The conference, focusing on “Confronting the Challenges Facing Today’s Government Contracting Community,” included more than 200 senior officials, executives, and experts from industry, academia, and government.
Many government contractors rely on OTAs, or “Other Transaction Authority” contracts, as a faster alternative to government contracting that sidesteps federal acquisition regulations. These contracts, popular with the military and contractors alike, can help smaller, nontraditional contractors to secure government contracts significantly more quickly, and with less regulatory burdens. A number of conference speakers reflected that the pace of government can be incompatible with the pace of business, where venture capital investors and capital improvements demand a rapid revenue stream. In some cases, government contracts can take months or years to complete.
Several panelists noted that OTAs have the potential to be misused as procurement officials look for ways to go around the contracting system to get things on contract fast. This could come under scrutiny by Congress in time, however, government and industry officials also need to look for ways to streamline the overall contracting process and improve understanding between government and contractors.
Under Secretary of Defense for Acquisition and Sustainment Ellen Lord described an “adaptive acquisition framework” that provides clear choices in the contracting process for different types of contracts and contractors, particularly small businesses. “Contractors tell me ‘I can’t believe what it takes to get an RFP out,” and procurement officers say, “I can’t believe what it takes to get a proposal together.” Among the remedies the Department of Defense is working on is gathering business cases to examine contracting experiences to learn how to improve the process on both sides.
“We’re trying to speed up the acquisition process and make it cost effective,” Lord said of her top-level goal of “enabling acquisition innovation.”
Rep. Denver Riggleman (R-Va.), who now serves on the House Financial Services Committee, Subcommittee on National Security, International Development, and Monetary Policy, reflected on his own experience as a government contractor. “When I was a small company, I was always looking for ways to leverage OTAs,” said Riggleman. “The contractual environment we are in wants to push you to OTAs,” he said, noting that when he moved military service to a career as a government contractor, “It took me over a year to get my first contract.”
“For me, I think if you can figure out how to use OTAs correctly, it’s part of the natural process,” Riggleman told conference attendees, but encouraged the government contracting sector to watch his subcommittee for possible legislation addressing oversight of OTAs.
But continuing challenges in government contracting come at a particularly precarious time for the nation. The activities of adversaries like China, particularly with regard to money laundering, data breaches, intellectual property, and other data-driven security issues, are top priorities for Riggleman’s subcommittee. “Not only money laundering,” he said, “but also their ability to penetrate our networks, and that should scare the hell out of everybody.”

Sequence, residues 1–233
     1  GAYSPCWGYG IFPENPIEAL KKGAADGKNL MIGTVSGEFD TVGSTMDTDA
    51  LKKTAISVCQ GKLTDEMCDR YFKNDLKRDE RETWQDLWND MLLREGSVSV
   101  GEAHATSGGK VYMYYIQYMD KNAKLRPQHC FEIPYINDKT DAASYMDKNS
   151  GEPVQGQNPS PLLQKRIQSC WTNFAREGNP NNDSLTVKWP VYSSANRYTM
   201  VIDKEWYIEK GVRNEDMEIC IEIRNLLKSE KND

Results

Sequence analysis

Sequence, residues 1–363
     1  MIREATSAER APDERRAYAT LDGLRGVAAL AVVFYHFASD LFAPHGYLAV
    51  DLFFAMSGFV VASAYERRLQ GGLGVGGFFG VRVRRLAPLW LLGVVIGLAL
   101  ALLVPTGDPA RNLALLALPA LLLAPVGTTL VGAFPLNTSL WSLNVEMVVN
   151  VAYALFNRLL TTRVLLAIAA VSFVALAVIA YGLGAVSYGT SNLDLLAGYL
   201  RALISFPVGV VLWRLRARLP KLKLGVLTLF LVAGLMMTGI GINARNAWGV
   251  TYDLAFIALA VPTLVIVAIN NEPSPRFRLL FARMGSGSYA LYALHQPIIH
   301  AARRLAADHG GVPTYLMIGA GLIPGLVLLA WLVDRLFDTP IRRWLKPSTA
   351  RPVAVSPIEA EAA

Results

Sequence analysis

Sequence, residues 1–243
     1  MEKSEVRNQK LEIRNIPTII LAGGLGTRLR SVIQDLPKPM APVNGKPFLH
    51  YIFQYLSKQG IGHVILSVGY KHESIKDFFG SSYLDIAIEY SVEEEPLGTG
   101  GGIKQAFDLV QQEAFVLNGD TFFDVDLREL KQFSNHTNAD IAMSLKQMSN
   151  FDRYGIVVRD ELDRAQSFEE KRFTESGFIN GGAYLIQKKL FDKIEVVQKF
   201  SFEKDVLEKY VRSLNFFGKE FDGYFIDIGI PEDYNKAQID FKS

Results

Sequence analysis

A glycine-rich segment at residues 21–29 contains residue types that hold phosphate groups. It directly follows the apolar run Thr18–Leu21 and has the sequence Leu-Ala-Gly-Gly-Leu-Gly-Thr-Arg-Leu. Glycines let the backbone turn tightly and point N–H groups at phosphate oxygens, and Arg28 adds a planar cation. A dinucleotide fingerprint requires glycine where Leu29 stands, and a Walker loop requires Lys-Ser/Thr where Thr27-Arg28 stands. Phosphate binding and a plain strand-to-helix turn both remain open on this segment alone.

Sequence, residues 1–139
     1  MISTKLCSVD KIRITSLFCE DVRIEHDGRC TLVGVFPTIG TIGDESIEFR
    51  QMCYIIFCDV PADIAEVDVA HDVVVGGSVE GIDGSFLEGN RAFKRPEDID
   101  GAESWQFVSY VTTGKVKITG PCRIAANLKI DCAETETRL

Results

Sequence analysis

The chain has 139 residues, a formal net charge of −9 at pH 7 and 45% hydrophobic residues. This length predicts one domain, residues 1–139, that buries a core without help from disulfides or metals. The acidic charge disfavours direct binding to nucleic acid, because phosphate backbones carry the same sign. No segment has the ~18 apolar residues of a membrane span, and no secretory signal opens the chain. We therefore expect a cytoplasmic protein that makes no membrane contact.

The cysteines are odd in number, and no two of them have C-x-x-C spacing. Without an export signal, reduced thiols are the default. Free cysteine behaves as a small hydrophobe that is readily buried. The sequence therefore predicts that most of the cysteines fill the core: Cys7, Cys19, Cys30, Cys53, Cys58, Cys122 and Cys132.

David Drabkin, director of government contracting at Dixon Hughes Goodman, noted that the 18 to 24 months it can take from issuance of RFP to starting on contract is a major barrier for government contractors. In some cases, said Drabkin, a former chairman of “809 Panel” charged with examining and making recommendation on government contracting, venture capitalists often don’t advise contracting with DOD because of the time it takes to go through the procurement process. Government, he noted, still doesn’t appreciate the pace of business. “One of the things they don’t value is time,” said Drabkin.
Another issue government contractors grapple with is government perceptions regarding intellectual property.
“China has a whole-nation approach to the United States,” said Chris Taylor, CEO of government contractor Govini. “The things we are doing now do not work.” Government doesn’t understand the nature of intellectual property rights, he said, and doesn’t have an incentive to pay intellectual property owners for that data. A common misunderstanding, for example, is that data provided by a contractor is not licensed in perpetuity. “When we talk about supply chain security,” said Taylor, “it is internal as well as external.”
Stephen Rodriguez of One Defense warned that China can outpace the United States in developing and implementing digital weapons. “They take our technology and produce it faster, at one-tenth the cost,” said Rodriguez, noting that the current DOD procurement model is “the anthesis of commercial innovation.”
Vicki Allums, an intellectual property lawyer with Defense Acquisition University, said a government understanding of intellectual property requires a cultural change, with all parties understanding terms and intellectual property rights and ownership. She recommended a thorough examination of methodologies in valuing intellectual property for government customers. “What is the value of that IP,” she said, “in what they are trying to accomplish overall.